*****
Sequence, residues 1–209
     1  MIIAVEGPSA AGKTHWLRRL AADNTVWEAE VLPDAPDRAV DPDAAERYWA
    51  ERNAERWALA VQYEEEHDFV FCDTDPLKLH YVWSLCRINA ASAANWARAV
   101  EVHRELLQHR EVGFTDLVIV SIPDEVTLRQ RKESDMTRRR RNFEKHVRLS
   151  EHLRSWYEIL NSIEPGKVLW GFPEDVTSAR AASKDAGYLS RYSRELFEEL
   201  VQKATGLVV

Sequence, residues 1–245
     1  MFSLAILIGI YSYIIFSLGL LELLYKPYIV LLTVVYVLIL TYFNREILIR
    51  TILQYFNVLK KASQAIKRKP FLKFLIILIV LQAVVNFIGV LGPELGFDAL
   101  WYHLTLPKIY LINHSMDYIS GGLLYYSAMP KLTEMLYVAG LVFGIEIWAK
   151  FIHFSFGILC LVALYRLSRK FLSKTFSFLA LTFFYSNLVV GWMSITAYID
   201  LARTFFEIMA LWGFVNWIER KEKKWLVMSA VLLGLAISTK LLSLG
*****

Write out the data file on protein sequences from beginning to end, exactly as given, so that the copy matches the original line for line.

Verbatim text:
Sequence, residues 1–209
     1  MIIAVEGPSA AGKTHWLRRL AADNTVWEAE VLPDAPDRAV DPDAAERYWA
    51  ERNAERWALA VQYEEEHDFV FCDTDPLKLH YVWSLCRINA ASAANWARAV
   101  EVHRELLQHR EVGFTDLVIV SIPDEVTLRQ RKESDMTRRR RNFEKHVRLS
   151  EHLRSWYEIL NSIEPGKVLW GFPEDVTSAR AASKDAGYLS RYSRELFEEL
   201  VQKATGLVV

Sequence, residues 1–245
     1  MFSLAILIGI YSYIIFSLGL LELLYKPYIV LLTVVYVLIL TYFNREILIR
    51  TILQYFNVLK KASQAIKRKP FLKFLIILIV LQAVVNFIGV LGPELGFDAL
   101  WYHLTLPKIY LINHSMDYIS GGLLYYSAMP KLTEMLYVAG LVFGIEIWAK
   151  FIHFSFGILC LVALYRLSRK FLSKTFSFLA LTFFYSNLVV GWMSITAYID
   201  LARTFFEIMA LWGFVNWIER KEKKWLVMSA VLLGLAISTK LLSLG